jan 23/RUN

2.3 miles
river road, north/south
32 degrees
100% sloppy wet be-puddled slushied unevenness

A great temperature for a run. An ideal what-you-imagine-when-you-imagine-a-pretty-snowy-winter scene. A terrible path. It snowed an inch or two last night. Wet, sloppy snow that’s half melted into a mess on the path. But I needed the fresh air so I put on my yaktrax and headed to the river, unsuccessfully dodging big puddles. Enduring the mess was worth it. My favorite part of the path was beautiful–the tall, slender trees had just the right amount of snow. Everything so white. I wonder what the river looked like? I didn’t glance at it even once. The air was warmer but not too warm. If the path had been clear, it would have been a wonderful day for a long run.

Read a great article about using figurative language yesterday, How to Use Simile and Metaphor Like a Boss

Metaphors and similes have two parts. There’s the tenor (the original subject we’re trying to describe) and the vehicle (the compared object we’re borrowing qualities from). So if we look at Robert Burns’s poem “A Red, Red Rose,” we see “O my Luve is like a red, red rose.” Love would be the tenor (subject) and rose would be the vehicle (object). Metaphors and similes work only when they illuminate, that is, when they help us better understand or see something by way of comparison. They should feel both apt and surprising—a hard balance! If the tenor and the vehicle seem too similar, the comparison won’t be surprising or illuminating for the reader. You really want to compare apples to oranges, not Fuji apples to McIntoshes. Or, better yet, try comparing apples to baby birds.

jan 22/RUN

4.3 miles
minnehaha falls and back
36 degrees
25% snow and puddle covered

So much warmer today. Lots of puddles and some soft, loose snow, especially at the double bridge. Gray sky. Air heavy with moisture. The oak savanna looked especially open and white and meadow-like. At its edge the dark brown, almost blackish-gray water resembled a big, empty crater not a river. Heard some kids at recess, playing on the playground. One was yelling “help” or “stop it” or something and I couldn’t tell if he was being serious and if I should be concerned. Decided he was just playing.

Encountered a man running and walking on the path. As I ran by he gasped, “you make it look so easy!” I wanted to yell back something about how I had been just like him 8.5 years ago when I started running, but I couldn’t get the words out in time. As I ran ahead I thought about how happy I am to have stuck with running and how wonderful it is to run over 4 miles and have it feel easy. A few minutes later I think I said hello to Carrie Tollefson, the former Olympian, as I neared Locks and Dam #1.

When I reached the falls I didn’t stop to look, but from my quick glances I could see the frozen water. Were the falls making any noise? I don’t remember. Did I see anyone else at the falls? I don’t remember that either.

Occasional Poem/ JACQUELINE WOODSON

Ms. Marcus says that an occasional poem is a poem
written about something
important
or special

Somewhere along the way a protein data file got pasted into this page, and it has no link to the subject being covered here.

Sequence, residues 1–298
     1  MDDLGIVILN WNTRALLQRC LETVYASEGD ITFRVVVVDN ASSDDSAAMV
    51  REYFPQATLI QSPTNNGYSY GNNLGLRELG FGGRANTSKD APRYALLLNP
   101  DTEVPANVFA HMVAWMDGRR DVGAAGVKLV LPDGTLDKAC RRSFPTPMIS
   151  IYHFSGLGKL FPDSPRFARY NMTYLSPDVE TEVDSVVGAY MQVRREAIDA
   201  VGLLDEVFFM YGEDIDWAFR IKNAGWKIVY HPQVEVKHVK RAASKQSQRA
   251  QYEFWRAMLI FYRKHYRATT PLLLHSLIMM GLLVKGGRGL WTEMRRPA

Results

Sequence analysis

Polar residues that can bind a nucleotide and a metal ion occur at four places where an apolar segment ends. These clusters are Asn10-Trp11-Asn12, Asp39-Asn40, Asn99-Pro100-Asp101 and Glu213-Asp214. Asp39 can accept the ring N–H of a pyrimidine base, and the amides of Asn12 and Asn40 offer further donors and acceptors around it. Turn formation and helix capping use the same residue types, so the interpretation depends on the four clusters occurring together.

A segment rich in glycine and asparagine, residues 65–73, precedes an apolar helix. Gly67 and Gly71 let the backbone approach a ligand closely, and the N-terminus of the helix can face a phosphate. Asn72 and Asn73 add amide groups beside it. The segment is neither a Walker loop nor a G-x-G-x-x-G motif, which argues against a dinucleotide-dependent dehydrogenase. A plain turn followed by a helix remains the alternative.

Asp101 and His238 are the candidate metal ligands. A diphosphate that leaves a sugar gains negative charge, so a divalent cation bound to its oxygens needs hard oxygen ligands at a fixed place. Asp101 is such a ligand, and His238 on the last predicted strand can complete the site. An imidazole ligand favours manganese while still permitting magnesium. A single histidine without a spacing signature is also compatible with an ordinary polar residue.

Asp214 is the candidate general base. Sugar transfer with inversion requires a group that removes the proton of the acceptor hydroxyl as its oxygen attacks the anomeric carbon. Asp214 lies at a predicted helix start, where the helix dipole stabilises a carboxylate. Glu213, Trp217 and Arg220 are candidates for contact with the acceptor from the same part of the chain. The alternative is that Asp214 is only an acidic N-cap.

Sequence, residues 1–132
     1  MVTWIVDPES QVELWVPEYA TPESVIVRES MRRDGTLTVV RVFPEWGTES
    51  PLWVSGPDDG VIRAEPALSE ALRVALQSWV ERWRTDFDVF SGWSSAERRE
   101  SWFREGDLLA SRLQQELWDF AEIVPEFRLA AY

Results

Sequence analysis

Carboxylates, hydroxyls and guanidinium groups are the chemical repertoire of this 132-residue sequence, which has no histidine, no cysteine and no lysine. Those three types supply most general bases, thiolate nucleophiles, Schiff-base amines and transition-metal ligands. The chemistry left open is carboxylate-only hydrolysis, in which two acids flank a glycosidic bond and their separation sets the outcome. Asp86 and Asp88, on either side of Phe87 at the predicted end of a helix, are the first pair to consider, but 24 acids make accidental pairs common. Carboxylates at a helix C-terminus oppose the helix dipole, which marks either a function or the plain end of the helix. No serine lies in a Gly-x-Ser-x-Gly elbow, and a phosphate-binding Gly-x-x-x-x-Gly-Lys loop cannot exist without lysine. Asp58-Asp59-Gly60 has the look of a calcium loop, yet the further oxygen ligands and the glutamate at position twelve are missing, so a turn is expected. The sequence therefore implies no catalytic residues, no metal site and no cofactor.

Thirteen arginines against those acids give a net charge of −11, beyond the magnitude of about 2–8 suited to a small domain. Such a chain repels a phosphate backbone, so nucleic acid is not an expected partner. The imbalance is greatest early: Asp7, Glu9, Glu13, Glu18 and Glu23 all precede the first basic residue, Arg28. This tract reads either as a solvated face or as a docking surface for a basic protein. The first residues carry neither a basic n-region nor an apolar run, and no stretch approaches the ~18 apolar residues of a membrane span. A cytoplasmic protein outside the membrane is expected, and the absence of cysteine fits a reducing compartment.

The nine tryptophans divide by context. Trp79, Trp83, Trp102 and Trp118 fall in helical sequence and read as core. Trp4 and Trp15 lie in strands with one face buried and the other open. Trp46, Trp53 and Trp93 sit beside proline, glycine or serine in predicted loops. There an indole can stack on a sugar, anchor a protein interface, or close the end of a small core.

that’s gonna happen
or already did.
Think of a specific occasion, she says—and write about it.

Like what?! Lamont asks.
He’s all slouched down in his seat.
I don’t feel like writing about no occasion.
How about your birthday? Ms. Marcus says.
What about it? Just a birthday. Comes in June and it ain’t
June, Lamont says. As a matter of fact,
he says, it’s January and it’s snowing.
Then his voice gets real low and he says
And when it’s January and all cold like this
feels like June’s a long, long ways away.

The whole class looks at Ms. Marcus.
Some of the kids are nodding.
Outside the sky looks like it’s made out of metal
and the cold, cold air is rattling the windowpanes
and coming underneath them too.

I seen Lamont’s coat.
It’s gray and the sleeves are too short.
It’s down but it looks like a lot of the feathers fell out
a long time ago.
Ms. Marcus got a nice coat.
It’s down too but real puffy so
maybe when she’s inside it
she can’t even tell January from June.

Then write about January, Ms. Marcus says, that’s
an occasion.
But she looks a little bit sad when she says it
Like she’s sorry she ever brought the whole
occasional poem thing up.

I was gonna write about Mama’s funeral
but Lamont and Ms. Marcus going back and forth
zapped all the ideas from my head.

I guess them arguing
on a Tuesday in January’s an occasion
So I guess this is an occasional poem.

I love the use of zapped in the second to last stanza: “zapped all the ideas from my head.” I love how “she can’t even tell January from June” rolls off of the tongue. And I love the idea of an occasion poem being about an argument between a teacher and student on an ordinary January day.

jan 21/RUN

2.5 miles
river road, south/north
15 degrees/ feels like 0
50% snow-covered

14 mph wind straight in my face, running south. Wasn’t expecting it to feel so cold today, so I underdressed. No hat, only a bright pink headband that covered my ears. Felt sore and a little tired, but better after having spent some time outside by the gorge. The river was open and flowing. The path was mostly clear. Noticed at least 2 dogs and their humans walking the lower path–the one that I like to run in the summer. Encountered a few other runners, no skiers or bikers. No geese. One spazzy squirrel.

I love this poem. I love how listing what you love makes you want to love harder and more expansively, and so does reading someone else’s love list.